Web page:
Common SNAP Myths
MYTH: The Supplemental Nutrition Assistance Program (SNAP) and “Food Stamps” are two different programs.
FACT: In 2008, the Federal Food Stamp Program was renamed the Supplemental Nutrition Assistance Program (SNAP) to reflect an increasing focus on nutrition, in addition to addressing hunger in America. Some states still call the program “Food Stamps” or “Food Support” and many have created their own names, such as “CalFresh” (California), 3SquaresVT (Vermont), or FoodShare (Wisconsin).
MYTH: The Food Stamp Program is a welfare program.
FACT: The Food Stamp program is not a welfare program or part of the welfare system at all; it is a nutrition assistance program. The goal of the program is to increase a household’s ability to buy more nutritious foods from neighborhood food stores.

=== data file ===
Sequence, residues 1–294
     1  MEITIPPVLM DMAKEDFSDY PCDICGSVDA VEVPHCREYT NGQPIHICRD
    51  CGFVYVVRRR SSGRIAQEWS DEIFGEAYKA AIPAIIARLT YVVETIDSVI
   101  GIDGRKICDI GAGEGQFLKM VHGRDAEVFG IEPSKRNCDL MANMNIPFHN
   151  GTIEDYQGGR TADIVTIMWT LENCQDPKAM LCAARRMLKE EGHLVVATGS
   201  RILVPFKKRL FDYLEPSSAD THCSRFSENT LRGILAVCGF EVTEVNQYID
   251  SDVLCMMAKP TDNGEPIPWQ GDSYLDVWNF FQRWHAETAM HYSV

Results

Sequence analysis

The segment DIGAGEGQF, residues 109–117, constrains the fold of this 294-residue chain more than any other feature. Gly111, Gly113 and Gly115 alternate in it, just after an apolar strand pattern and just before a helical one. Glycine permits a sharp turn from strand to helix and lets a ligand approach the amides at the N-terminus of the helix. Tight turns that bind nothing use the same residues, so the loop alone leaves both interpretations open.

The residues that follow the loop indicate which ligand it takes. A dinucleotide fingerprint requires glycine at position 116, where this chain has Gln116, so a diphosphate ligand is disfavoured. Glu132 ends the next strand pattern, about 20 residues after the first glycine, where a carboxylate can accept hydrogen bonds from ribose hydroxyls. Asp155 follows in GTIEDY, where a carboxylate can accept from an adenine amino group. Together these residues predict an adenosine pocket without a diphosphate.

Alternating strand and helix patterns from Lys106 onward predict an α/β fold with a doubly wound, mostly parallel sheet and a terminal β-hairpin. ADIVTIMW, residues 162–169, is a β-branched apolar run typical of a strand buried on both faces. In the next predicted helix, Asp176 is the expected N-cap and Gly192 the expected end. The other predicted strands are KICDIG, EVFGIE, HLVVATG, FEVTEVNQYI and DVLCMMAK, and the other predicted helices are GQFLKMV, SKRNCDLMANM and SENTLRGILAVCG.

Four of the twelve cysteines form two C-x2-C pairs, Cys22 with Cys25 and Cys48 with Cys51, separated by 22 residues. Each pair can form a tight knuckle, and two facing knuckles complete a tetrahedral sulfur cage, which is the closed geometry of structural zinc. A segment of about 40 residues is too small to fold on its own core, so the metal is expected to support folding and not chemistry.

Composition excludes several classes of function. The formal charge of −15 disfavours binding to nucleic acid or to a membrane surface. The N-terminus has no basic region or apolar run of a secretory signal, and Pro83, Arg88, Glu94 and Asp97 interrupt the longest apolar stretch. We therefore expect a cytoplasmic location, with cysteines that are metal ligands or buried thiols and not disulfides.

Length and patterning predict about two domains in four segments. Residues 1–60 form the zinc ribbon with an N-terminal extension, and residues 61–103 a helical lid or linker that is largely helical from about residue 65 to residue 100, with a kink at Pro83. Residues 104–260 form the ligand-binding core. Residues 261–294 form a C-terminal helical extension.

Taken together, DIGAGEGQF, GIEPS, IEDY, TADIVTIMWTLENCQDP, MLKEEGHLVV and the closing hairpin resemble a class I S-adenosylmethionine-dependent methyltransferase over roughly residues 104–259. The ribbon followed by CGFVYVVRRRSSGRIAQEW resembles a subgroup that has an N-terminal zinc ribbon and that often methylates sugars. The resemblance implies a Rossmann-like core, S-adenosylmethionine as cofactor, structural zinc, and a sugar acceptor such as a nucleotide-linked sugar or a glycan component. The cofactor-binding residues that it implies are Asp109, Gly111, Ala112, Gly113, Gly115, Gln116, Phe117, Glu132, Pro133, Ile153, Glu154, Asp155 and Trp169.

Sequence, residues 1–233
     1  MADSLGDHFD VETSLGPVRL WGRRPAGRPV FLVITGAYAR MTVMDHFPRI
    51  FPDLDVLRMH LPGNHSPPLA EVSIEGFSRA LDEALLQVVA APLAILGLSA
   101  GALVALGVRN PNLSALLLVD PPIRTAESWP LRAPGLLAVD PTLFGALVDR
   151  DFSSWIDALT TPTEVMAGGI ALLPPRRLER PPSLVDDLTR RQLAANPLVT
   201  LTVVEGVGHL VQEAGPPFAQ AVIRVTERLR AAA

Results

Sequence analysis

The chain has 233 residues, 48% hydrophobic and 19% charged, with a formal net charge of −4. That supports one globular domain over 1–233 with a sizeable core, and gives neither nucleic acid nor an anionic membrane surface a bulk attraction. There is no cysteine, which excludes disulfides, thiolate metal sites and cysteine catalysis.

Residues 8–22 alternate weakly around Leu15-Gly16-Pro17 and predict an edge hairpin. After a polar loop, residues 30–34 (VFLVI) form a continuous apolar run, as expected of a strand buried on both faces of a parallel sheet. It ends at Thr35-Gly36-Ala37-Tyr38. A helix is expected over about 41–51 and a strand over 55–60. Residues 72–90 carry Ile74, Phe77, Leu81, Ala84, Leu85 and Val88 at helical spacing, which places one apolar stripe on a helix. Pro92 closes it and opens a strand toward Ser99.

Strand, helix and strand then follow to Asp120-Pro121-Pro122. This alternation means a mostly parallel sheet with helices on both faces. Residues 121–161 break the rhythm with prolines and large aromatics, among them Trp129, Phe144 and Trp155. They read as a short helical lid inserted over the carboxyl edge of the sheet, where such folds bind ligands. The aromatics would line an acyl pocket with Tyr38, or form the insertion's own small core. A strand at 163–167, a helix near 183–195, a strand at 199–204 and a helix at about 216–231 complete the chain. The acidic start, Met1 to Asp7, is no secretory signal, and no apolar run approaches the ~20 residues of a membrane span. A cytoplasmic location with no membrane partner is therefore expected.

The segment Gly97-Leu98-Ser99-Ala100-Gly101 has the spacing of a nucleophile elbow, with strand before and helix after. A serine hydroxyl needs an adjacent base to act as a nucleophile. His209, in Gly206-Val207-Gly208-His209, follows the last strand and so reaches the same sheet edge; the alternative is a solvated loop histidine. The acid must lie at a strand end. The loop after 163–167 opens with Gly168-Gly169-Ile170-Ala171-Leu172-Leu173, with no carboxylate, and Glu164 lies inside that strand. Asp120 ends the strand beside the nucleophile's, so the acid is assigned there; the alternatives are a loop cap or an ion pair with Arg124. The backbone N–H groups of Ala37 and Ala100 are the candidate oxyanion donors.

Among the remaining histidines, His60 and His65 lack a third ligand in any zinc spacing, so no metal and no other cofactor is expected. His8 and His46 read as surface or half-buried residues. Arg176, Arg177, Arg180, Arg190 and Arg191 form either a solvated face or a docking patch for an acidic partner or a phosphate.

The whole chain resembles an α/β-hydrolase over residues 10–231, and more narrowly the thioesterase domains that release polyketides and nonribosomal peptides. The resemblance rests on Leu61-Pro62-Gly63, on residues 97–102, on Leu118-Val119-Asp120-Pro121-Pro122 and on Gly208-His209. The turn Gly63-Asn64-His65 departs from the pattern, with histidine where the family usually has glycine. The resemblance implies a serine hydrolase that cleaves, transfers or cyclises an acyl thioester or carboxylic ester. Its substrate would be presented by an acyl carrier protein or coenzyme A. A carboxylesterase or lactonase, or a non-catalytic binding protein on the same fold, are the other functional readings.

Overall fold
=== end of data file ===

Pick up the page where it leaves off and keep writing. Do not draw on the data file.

MYTH: SNAP is just another bloated government program.
FACT: In fact, the administrative expenses for SNAP are 5-8 percent ... which is better than the vast majority of nonprofits in the United States. Administrative costs cover things like eligibility determinations, employment and training, nutrition education for SNAP beneficiaries, and anti-fraud initiatives to assure compliance by the more than 230,000 participating retail outlets.
MYTH: SNAP is wasteful and gives money to the wrong people.
FACT: SNAP actually is deemed to be the most efficient major benefit government assistance program in operation, with an efficiency of 96.2% in 2011. The majority of errors in disbursement end up being underpayments. According to the USDA, the rate of administrative errors in SNAP has reached a historical low of 3.81%, with more than 98% of
SNAP beneficiaries meeting stringent eligibility requirements.
MYTH: SNAP is rife with fraud and abuse.